In order to curb the immediate impact of the COVID-19 pandemic on the economy and society, the Estonian government will support the country’s economy with at least € 2 billion. The package includes a tax debt deferral of 18 months, a temporary suspension of second pillar pension scheme payments, as well as partial compensation for the direct costs of the cancelled events. On March 27, Estonia signed a 15-year loan agreement of € 750 million with The Nordic Investment Bank (NIB). The Estonian Hotel and Restaurant Association (EHRL) suggested a tax moratorium for the tourism industry and a zero VAT rate for accommodation and catering services until the end of 2021.

(Update from 28 May, 2020)

The country will be further easing the restrictions for non-essential businesses, culture and outdoor sports events from 1 June 2020, as long as hygiene and number of people per square meter rules are followed. 

Finland (Republic of Finland)

Moratorium status: B

Overview

Finland closed its borders, and the country is in lockdown. The total stimulus for the support to businesses and individuals during the pandemic-caused downturn in Finland amounts to € 15 billion (6% of the GDP). Some retail banks in Finland are now working with customers to modify their loans. Payments for mortgage borrowers who are affected by the pandemic could be suspended for up to one year, without additional service fees. Customers would still be liable to pay the interest on their mortgage. According to the country’s Ministry of Justice, the government is preparing a proposal to decrease the interest rate cap for short-term loans from current 20% to 10%. Direct advertising of instant loan offers is prohibited until the end of the year. 

(Update from 30 April, 2020)

The Finish government is considering a proposition to cap the interest rate, and the proposition has moved to the next stage of discussion. Still, no official legal response has been introduced yet. 

(Update from 28 May, 2020)

From mid-May, a controlled opening of preschools and elementary schools will begin, while the government approves only business-related and essential trips within the Schengen area. Starting 1 June, restaurants, theaters, cinemas, bars, and other public places will be allowed to gradually reopen, with limitations to hosting a maximum of 50 people.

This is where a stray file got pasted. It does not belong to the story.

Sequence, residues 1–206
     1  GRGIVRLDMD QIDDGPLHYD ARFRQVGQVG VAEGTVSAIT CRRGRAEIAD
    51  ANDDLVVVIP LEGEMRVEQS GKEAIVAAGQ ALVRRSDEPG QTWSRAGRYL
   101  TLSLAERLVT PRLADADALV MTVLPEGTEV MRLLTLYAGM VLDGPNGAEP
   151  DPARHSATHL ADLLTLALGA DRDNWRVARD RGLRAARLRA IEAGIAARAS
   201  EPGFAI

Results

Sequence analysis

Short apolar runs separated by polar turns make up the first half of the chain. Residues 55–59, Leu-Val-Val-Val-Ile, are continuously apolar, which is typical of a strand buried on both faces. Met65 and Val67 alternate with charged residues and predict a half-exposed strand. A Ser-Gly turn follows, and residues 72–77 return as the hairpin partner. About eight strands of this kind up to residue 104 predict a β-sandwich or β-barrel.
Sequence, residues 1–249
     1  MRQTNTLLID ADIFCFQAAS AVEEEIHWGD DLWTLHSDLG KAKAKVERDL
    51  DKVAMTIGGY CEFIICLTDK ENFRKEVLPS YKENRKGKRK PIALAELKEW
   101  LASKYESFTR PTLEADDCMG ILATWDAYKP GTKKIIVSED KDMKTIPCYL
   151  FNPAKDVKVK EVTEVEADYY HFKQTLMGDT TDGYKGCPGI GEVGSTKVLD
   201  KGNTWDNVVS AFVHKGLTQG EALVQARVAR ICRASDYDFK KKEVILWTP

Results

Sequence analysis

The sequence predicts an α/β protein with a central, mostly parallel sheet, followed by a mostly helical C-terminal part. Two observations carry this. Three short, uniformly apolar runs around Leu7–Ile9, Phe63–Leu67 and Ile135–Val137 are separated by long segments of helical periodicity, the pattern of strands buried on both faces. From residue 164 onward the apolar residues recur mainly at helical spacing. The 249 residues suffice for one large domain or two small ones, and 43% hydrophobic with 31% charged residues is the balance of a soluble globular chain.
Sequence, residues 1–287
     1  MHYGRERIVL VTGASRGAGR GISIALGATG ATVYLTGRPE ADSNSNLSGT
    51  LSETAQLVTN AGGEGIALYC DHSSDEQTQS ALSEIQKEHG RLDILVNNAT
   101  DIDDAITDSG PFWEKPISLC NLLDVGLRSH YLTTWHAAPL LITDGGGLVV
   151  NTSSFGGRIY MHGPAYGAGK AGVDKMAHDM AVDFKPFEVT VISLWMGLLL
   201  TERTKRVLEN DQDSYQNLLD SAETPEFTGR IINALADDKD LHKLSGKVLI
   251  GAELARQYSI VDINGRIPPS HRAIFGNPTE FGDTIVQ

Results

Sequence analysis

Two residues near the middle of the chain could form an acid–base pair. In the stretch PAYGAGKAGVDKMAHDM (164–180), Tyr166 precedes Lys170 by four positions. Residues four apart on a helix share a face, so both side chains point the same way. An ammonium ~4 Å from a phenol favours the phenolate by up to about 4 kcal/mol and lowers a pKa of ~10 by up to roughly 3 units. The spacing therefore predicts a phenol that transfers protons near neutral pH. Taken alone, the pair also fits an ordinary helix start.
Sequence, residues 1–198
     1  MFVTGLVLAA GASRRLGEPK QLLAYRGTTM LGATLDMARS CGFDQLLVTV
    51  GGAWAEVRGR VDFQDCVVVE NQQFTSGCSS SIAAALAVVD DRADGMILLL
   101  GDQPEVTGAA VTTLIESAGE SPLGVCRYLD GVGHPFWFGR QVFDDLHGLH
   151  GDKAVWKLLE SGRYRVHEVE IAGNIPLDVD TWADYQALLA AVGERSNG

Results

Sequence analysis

Georgia (Republic of Georgia)

Moratorium status: B

Overview

Georgian society is in lockdown, with closed borders and schools, and limitation to free movement. 

One of the biggest Georgian banks gave credit holidays for its borrowers, and some credit institutions are following the example. The loan repayment rules for individuals have been relaxed, with more space for banks to do the risk assessment. Around 600 businesses who are renting their spaces from the city of Tbilisi received a lease payment extension of three months. Georgian government is keeping an eye on the inflation due to the depreciation of the local currency Georgian lari (GEL).

(Update from 28 May, 2020)

The government didn’t prolong the state of emergency beyond the set date, and citizens are allowed to move by vehicles in and between the country’s cities. Certain restrictions will still remain in power for the upcoming months.

Indonesia (Republic of Indonesia)

Moratorium status: B

Overview

In February 2020, the Indonesian government established a USD 725 million (€ 667 million) package to support tourism, airlines, and real estate industries. In March 2020, Indonesia announced a further USD 8.1 billion stimulus package (€ 7.5 billion and 0.8% of the GDP) that includes support for income tax exemptions for workers in manufacturing and corporate tax reductions for manufacturing companies. 

The Central Bank of Indonesia proposed to banks to trim their lending rates in order to pare down the effects of the pandemic on the economy. Banks are advised not to undertake debt collection during the pandemic, but to focus on helping their customers with restructuring of the existing debts and grants of new subsidised loans. A deferral of installment payments is advised in order to protect the community’s purchasing power during the pandemic.

When it comes to non-fiscal response, the national regulator suggested relaxed rules for loan restructuring for small and medium-sized companies, simplification of the certification processes for exporters, and lighter requirements for the import of raw materials.